The respiratory system of Uromastix consists of two main portions, viz., respiratory tract and respiratory organs.
The respiratory tract starts from the external nares. These are a pair of small oval apertures on the snout slightly above the mouth. On its inner side each naris possesses a prominent swelling of mucous membrane which serves as a valve to close the aperture during burrowing. The external nares lead into small sacs, the nasal chambers or olfactory sacs, lying in the skull.
The nasal chambers open posteriorly by a pair of small apertures, the internal nares, into the anterior part of a spacious buccopharyngeal cavity. On the floor of buccopharyngeal cavity between the basal bifurcations of the tongue lies a small median longitudinal slit called the glottis which leads into a short median chamber called larynx.
The wall of larynx is supported by a pair of arytenoid and a median cricoid cartilages. The arytenoid cartilages are situated in the antero-lateral wall of the larynx and give support to the lips of glottis. Posteriorly these two cartilages articulate with the antero-lateral sides of the cricoid cartilage. In Uromastix, the vocal cords are lacking.
The larynx is provided with two pairs of muscles- the inner musculus compressor laryngis which serves as a sphincter of the glottis and the outer musculus dilator laryngis which serves as a dilator of glottis. The larynx leads posteriorly into the trachea; which is an elongated cylindrical tube running backwards through the neck ventral to oesophagus.
The wall of the trachea is supported by a series of complete cartilaginous rings throughout its length which prevent the trachea to collapse. Some of the tracheal rings are bifurcated. After entering the thorax the trachea almost reaches the base of the heart, where it bifurcates into two very short, narrow tubes, the bronchi, which are also supported by complete cartilaginous rings. Each bronchus enters the lung of its side and does not branch into intrapulmonary extensions or bronchioles.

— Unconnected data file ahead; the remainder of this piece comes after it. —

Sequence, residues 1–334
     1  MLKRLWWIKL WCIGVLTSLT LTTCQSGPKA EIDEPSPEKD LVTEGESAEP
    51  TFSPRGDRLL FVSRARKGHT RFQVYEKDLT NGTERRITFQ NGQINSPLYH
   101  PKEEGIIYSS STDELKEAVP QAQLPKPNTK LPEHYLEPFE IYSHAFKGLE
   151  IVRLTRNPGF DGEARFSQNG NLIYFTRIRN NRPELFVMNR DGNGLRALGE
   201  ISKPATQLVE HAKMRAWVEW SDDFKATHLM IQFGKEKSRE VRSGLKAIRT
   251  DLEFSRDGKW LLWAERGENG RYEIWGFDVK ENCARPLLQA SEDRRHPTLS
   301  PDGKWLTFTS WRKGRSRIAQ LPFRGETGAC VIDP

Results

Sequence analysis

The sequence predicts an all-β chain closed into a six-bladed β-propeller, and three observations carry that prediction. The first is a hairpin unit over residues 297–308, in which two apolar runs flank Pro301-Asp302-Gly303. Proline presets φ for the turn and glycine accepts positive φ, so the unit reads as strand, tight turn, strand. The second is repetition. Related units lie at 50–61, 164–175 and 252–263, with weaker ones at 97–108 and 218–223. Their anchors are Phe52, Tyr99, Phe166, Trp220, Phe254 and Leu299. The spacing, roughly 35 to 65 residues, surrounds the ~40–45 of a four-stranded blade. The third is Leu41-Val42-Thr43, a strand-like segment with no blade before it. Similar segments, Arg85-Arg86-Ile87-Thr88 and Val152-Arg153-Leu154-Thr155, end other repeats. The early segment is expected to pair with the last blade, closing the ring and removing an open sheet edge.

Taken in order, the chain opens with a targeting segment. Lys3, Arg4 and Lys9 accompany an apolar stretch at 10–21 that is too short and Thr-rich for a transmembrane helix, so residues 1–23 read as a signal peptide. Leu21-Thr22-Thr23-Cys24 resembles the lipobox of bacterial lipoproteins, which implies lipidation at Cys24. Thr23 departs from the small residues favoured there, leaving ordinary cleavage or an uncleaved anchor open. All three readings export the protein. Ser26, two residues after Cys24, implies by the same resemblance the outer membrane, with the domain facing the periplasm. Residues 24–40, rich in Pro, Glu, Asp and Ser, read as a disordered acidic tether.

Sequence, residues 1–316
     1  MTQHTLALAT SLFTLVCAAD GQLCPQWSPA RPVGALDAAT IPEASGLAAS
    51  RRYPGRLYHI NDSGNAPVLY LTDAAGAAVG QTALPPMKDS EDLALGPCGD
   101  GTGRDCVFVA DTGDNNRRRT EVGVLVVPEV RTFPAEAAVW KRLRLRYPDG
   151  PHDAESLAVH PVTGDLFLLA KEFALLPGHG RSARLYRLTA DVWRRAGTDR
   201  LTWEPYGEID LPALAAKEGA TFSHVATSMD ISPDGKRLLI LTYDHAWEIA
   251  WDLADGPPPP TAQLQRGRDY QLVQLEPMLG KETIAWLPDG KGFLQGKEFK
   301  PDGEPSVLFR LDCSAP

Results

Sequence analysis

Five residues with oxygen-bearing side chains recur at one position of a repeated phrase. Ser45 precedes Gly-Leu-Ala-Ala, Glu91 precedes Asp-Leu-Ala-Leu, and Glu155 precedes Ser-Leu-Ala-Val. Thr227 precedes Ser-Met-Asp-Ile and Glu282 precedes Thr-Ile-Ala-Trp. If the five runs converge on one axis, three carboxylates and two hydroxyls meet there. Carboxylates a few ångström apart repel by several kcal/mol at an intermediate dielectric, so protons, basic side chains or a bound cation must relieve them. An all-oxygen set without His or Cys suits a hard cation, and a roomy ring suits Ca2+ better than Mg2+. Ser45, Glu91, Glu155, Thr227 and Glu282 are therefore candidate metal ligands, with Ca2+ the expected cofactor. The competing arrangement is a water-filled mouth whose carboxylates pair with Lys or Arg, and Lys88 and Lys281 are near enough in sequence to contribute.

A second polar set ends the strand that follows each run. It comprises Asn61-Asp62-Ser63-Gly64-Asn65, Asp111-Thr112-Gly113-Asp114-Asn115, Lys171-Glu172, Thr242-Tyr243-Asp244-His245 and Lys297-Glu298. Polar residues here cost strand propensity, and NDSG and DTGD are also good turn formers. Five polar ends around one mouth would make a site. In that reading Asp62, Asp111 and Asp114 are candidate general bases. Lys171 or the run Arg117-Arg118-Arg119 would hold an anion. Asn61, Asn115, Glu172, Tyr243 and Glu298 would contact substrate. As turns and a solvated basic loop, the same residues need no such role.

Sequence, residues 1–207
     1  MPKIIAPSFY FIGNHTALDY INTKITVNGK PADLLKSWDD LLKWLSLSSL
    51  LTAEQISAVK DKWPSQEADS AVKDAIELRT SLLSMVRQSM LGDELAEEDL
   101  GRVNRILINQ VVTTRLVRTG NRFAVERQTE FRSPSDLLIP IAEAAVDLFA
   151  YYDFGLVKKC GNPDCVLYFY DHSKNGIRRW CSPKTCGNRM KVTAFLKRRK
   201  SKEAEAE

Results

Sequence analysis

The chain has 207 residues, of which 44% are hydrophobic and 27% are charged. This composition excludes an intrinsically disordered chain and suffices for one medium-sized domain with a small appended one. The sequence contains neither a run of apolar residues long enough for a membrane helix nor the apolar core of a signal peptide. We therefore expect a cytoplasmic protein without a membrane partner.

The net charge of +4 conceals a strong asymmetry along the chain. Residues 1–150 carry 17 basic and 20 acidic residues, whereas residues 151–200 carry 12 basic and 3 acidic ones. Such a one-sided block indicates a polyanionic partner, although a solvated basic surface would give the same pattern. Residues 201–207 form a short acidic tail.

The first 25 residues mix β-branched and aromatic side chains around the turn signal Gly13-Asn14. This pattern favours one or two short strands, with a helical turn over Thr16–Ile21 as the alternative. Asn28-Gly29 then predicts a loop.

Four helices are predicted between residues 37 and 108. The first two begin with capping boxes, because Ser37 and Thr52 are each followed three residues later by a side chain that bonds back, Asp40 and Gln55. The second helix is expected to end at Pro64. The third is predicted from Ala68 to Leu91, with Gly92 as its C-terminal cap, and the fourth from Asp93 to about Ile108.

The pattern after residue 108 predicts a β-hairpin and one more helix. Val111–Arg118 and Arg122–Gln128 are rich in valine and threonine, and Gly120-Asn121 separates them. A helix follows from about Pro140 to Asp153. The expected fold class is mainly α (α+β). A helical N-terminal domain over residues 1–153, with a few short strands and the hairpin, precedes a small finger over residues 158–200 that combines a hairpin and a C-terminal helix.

The respiratory organs of Uromastix are a pair of lungs. They are situated one on either side of the heart in the thoracic cavity. Both the lungs are symmetrical in shape and size. They are elongated, fusiform, thin-walled elastic hollow sacs of orange colour. The posterior ends of lungs appear pointed when they are empty but rounded when they are inflated.
The inner lining of the lungs is raised into a network of low ridges which enclose shallow depressions or alveoli. The cavity of the lung is continuous. These ridges are more numerous and closer in the anterior part of the lung than in the posterior part. The ridges increase the respiratory surface of lungs. The walls of the lungs and alveoli have a rich supply of blood-capillaries.
The blood supply is more abundant in the anterior part of the lungs than in the posterior part. Therefore, the anterior parts of the lungs are more respiratory than the posterior parts. The bronchi do not branch into bronchioles in the lungs. The blood entering the lungs through pulmonary artery is deoxygenated and the oxygenated blood is carried to the heart by pulmonary vein.
Mechanism of Respiration:
In Uromastix, the mechanism of respiration is different from that of the frog. The process of respiration is effected only by ribs and their inter-costal muscles. The inter-costal muscles, which extend between the ribs, pull the ribs backward and forward and, thus, the pleuro-peritoneal cavity is decreased or increased in size.
When the cavity is increased, the lungs expand and fresh air rushes into the lungs from outside through the nostrils, buccal cavity, glottis, trachea and bonchii. When the cavity is decreased, the lungs are pressed and the air is forced out through the same above passage. Exchange of gases takes place in the alveoli through their thin moist walls. In Uromastix, the respiration is only pulmonary.